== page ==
Johnson & Johnson’s (NYSE: JNJ) Ortho-McNeil-Janssen Pharmaceuticals signed a collaboration and license agreement with Anchor Therapeutics of Cambridge, Mass., to develop G protein coupled receptor or GPCR-targeted therapeutics using Anchor’s proprietary technology. The technology allows the company to pursue targets that are intractable to current approaches and represents a new approach for modulating GPCR signal transduction. The approach could potentially transform the scope of GPCR therapeutics to treat a broader of serious diseases, including inflammatory and metabolic disorders.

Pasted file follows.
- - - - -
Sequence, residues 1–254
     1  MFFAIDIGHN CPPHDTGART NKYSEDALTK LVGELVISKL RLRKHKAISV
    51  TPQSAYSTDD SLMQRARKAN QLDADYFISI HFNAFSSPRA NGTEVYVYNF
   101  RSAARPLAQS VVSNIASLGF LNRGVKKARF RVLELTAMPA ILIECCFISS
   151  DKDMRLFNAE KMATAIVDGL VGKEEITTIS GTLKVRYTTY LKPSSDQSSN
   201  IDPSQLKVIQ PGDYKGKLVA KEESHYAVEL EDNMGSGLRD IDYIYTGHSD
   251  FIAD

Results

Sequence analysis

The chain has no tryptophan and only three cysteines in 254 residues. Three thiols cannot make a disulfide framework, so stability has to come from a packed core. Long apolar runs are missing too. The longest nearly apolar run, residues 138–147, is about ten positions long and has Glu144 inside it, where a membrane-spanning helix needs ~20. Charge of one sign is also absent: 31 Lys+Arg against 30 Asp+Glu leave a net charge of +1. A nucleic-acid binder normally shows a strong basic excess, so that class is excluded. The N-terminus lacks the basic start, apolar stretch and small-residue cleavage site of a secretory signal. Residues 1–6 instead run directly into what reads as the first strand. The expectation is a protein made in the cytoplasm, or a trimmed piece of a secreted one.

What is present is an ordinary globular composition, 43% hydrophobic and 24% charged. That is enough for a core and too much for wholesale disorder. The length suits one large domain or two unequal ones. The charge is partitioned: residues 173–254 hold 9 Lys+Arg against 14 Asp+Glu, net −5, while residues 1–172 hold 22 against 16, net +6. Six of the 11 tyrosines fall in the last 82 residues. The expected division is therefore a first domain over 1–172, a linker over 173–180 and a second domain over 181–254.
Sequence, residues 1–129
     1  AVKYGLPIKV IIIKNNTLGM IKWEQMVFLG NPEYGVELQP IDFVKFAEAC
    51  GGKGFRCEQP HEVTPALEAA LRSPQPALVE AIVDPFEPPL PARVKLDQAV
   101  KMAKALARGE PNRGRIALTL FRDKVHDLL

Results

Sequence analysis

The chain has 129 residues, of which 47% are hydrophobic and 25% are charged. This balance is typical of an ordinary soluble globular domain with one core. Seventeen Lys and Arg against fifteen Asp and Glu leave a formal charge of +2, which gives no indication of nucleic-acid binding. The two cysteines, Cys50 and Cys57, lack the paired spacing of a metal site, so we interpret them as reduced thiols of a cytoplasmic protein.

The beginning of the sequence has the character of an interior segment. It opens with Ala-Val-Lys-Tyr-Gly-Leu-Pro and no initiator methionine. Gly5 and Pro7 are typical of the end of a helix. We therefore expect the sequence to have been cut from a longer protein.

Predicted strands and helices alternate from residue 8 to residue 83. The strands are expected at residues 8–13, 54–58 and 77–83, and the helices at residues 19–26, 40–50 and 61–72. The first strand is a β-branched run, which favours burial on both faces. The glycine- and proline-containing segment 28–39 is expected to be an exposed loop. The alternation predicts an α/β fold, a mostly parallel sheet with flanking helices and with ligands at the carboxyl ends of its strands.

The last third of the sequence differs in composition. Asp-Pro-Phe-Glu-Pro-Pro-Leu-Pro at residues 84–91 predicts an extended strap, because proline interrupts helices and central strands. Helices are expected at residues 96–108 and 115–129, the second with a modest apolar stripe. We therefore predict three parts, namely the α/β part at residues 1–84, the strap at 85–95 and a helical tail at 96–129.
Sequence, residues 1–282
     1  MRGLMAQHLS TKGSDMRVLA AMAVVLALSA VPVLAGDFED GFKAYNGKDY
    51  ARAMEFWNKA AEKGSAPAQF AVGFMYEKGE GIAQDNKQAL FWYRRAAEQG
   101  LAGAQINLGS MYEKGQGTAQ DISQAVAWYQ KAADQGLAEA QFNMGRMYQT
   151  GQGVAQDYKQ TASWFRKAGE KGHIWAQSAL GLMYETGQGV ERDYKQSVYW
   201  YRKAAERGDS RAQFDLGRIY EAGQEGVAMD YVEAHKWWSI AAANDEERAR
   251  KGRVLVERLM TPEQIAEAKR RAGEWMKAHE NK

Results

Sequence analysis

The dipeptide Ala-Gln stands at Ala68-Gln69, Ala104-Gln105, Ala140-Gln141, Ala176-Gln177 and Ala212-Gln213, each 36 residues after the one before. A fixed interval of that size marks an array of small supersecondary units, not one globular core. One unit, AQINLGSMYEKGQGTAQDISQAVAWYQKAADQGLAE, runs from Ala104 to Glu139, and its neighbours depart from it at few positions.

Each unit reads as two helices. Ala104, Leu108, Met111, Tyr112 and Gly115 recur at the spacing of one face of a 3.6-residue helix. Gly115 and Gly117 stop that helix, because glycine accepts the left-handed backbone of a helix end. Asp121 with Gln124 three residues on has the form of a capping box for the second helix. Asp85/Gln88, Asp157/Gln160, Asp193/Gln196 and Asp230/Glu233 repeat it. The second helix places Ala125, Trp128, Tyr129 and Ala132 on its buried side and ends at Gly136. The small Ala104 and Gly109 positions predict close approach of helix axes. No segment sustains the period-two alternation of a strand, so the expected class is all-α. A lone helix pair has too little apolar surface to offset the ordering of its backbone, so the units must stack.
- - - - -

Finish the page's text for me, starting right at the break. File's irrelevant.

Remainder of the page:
The companies will work together to discover and optimize preclinical development candidates against GPCR targets in oncology and metabolic disorders, including Anchor’s program targeting gpr39, a GPCR involved in metabolic diseases, after which Ortho will assume responsibility for development and commercialization. Anchor will receive an undisclosed upfront payment and research support and could be eligible for development and regulatory milestone payments up to $480 million. Johnson & Johnson shares were trading at $60.78.

U.K pharmaceutical Shire PLC (NASDAQ: SHPGY) added a new drug candidate to its orphan drugs portfolio in a joint development and commercialization deal with Acceleron Pharma Inc., potentially worth $498 million, for its lead drug ACE-031 in phase 2b development as a potential treatment for Duchenne muscular dystrophy, a fatal genetic disorder characterized by the progressive loss of muscle strength and function.